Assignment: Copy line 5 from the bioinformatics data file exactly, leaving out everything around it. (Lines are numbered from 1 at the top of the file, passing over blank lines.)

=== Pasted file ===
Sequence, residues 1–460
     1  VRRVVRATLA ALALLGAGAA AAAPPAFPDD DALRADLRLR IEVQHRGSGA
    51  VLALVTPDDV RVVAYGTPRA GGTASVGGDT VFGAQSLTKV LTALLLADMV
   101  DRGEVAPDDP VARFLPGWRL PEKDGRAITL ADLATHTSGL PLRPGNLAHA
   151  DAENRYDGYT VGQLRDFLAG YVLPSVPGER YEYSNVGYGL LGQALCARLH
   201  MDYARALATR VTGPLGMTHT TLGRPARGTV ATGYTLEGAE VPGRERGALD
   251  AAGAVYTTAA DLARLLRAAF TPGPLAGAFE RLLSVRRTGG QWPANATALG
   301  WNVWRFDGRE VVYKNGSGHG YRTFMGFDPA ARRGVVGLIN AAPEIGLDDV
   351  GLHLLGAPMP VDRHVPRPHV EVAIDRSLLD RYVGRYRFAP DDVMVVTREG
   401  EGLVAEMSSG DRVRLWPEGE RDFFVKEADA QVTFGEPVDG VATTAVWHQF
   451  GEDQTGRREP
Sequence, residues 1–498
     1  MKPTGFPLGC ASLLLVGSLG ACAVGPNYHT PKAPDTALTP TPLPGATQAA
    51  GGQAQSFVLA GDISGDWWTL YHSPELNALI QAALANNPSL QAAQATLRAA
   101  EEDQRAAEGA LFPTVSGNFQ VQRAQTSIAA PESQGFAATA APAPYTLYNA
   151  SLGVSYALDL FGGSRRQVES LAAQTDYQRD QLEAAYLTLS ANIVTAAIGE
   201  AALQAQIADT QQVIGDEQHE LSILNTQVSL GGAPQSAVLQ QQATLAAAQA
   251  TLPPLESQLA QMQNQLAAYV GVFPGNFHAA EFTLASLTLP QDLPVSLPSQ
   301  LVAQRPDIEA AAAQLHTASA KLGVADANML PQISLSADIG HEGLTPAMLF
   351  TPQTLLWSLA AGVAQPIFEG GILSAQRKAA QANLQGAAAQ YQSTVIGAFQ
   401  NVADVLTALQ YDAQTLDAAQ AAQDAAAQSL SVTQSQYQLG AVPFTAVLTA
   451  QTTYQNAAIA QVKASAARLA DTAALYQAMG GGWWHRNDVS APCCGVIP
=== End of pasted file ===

   151  DAENRYDGYT VGQLRDFLAG YVLPSVPGER YEYSNVGYGL LGQALCARLH